Wednesday 5th May Art Walk Schedule

Leeds Art Walk is keeping to the streets and taking a fresh look at public art in the city centre.

Guided by Rebecca Wade*, the tour will take in permanent and temporary art works located in the recently redeveloped areas of the City Centre and Holbeck. Featuring talks from Artists Amelia Crouch and Conway and Young, the walk will be an opportunity to take a closer look, share knowledge and make new connections between your own percptions, everyday experiences and the historical development of the city.

Join us for a Public Art Walk of discovery, beginning at 5.30 at the Corn exchange for ‘Nothing Ventured, Nothing Gained’ by Amelia Crouch and reaching Leeds Train station and the exhibition ‘Ground For Discussion’ by Conway and Young by 7.15.

The route chosen has disabled access throughout.

Meet at 5.30 at the foot of the staircase on the ground floor of Leeds Corn Exchange.

For more information contact Gill at Pavilion
T > 0113 242 5100
E > gill@pavilion.org.uk

* Rebecca Wade is a doctoral student at the University of Leeds and the subject of her research is the formation, circulation and exhibition of teaching collections in mid-nineteenth century art and design education. Rebecca completed a Masters in Art Gallery and Museum Studies in 2009 after graduating in Fine Art in 2007. Rebecca was an artist in residence at Hovingham Hall during 2008 and completed and internship at the Henry Moore Institute in 2009, during which she carried out research for the exhibition ‘The Developing Process: the sculptor’s education in drawings and photography.’ Rebecca has been a research assistant to the Leeds Public Art Officer and delivered and interactive map of sculpture and other works in Leeds, which was launched online in March this year.

Nothing Ventured, Nothing Gained

Leeds is a city built upon industry and trade, with many of its fine buildings the result of nineteenth century industrial or mercantile wealth. The Corn Exchange (1864) was part of a phase of rapid development, often associated with the textile industry, the growth of engineering and a narrative of ‘civic pride.’ Yet, to get the full story, one must pay attention not only to factories and production but also to the role of market-places; to the development of commercial associations and the availability of finance.

Amelia Crouch’s artwork – a series of posters displayed on the balcony level of the Corn Exchange – uses this history to invite parallels with our contemporary situation in the wake of the recent banking crisis. Particularly the work considers the repeal of the Corn Laws (1846) – which levied tariffs on imported produce – as being symbolic of a general political trend towards free trade throughout the 1800’s. Though the course of free trade has not run smoothly (protectionism and government intervention were re-introduced in the depression of 1929-31), it is a narrative that resonates with us today. The Anti-Corn Law movement was in part an attempt to wrest wealth and political control from the hands of upper class landowners. The drive to free trade involved the benevolent belief that capitalism was good for everyone. Now that free trade has been globalised it is possible to argue that control has again been taken away from individuals and sits in the hands of global corporations. In such a situation venues including the Corn Exchange still provide an important home to independent traders.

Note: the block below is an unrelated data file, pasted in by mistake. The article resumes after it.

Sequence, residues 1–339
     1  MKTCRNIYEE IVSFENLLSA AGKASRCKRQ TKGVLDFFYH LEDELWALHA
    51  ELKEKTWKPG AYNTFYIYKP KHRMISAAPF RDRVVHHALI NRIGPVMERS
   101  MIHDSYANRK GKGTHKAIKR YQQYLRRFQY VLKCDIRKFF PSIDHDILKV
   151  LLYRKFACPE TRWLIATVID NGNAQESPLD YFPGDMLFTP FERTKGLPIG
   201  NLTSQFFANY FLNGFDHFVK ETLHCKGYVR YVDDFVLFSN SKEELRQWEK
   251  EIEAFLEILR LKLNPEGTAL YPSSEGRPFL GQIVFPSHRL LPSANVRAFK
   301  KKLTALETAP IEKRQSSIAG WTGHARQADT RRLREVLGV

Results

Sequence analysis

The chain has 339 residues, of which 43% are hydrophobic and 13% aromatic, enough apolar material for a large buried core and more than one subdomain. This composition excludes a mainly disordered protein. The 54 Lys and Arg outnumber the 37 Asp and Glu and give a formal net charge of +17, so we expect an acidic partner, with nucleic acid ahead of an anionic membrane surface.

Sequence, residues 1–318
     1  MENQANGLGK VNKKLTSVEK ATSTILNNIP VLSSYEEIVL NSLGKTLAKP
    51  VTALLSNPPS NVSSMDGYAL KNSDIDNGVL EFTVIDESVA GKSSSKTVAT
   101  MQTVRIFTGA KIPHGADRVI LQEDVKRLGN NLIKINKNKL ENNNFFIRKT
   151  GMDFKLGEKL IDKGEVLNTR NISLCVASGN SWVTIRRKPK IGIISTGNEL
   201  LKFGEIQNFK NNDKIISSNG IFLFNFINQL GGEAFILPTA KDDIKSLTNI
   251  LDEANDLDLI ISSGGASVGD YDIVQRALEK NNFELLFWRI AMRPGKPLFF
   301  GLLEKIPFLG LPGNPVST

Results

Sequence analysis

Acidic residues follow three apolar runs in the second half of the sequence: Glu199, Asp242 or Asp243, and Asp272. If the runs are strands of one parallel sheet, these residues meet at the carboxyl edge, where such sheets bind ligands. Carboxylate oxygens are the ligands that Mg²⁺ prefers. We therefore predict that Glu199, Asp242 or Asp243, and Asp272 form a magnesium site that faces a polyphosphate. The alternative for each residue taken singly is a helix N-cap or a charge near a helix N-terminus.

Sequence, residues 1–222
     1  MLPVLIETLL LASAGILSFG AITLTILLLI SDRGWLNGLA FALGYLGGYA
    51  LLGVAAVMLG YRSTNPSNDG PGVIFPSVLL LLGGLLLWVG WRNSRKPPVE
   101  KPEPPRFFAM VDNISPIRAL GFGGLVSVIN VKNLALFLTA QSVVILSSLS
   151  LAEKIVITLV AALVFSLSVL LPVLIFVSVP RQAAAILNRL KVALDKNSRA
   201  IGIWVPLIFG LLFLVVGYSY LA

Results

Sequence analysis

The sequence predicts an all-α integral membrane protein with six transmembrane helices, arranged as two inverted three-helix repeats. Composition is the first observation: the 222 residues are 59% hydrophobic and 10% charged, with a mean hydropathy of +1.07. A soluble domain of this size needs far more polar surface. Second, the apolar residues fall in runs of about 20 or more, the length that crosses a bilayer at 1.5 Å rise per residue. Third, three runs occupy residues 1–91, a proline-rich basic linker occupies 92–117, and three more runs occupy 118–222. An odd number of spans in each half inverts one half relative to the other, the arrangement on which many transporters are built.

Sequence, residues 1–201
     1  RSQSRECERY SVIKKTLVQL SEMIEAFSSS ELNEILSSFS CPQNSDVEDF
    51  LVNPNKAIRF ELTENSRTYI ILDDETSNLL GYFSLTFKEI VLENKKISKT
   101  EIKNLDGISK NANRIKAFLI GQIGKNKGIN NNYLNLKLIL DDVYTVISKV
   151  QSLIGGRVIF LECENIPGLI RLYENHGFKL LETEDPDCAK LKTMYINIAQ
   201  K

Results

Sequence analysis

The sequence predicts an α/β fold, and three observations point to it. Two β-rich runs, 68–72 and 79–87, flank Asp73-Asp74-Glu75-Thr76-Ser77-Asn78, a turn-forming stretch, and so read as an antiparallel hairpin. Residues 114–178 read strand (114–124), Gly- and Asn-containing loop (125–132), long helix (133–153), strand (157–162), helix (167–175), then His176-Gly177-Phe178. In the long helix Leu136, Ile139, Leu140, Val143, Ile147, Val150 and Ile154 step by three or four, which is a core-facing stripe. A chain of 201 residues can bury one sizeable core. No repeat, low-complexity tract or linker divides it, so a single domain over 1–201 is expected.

Ground for Discussion

The first of Leeds Met Gallery’s Billboard projects, ‘Ground For Discussion’ documents a series of undeveloped and alternative spaces found within a half-mile radius of Leeds Railway Station – places that stand still in a constantly moving urban environment, that remain in the shadow of a regenerated modern city – blank areas, open areas, pauses in between buildings where overgrown wastelands sit between city centre apartments and ancient footpaths. This work presents passers by with an opportunity to think about the way in which city centre space has been used and about the empty and historically rich spaces that remain.

‘Ground For Discussion’  will be presented on a billboard situated in Leeds Railway Station (lower concourse, opposite Subway) The project is accompanied by both a limited edition publication and set of postcards, which will be available from the Leeds Tourist Information Centre in the train station.

‘Ground For Discussion’ is the first of four as part of Leeds Met Gallery’s Billboard Project using billboard 7075 at Leeds Railway Station over the coming year.

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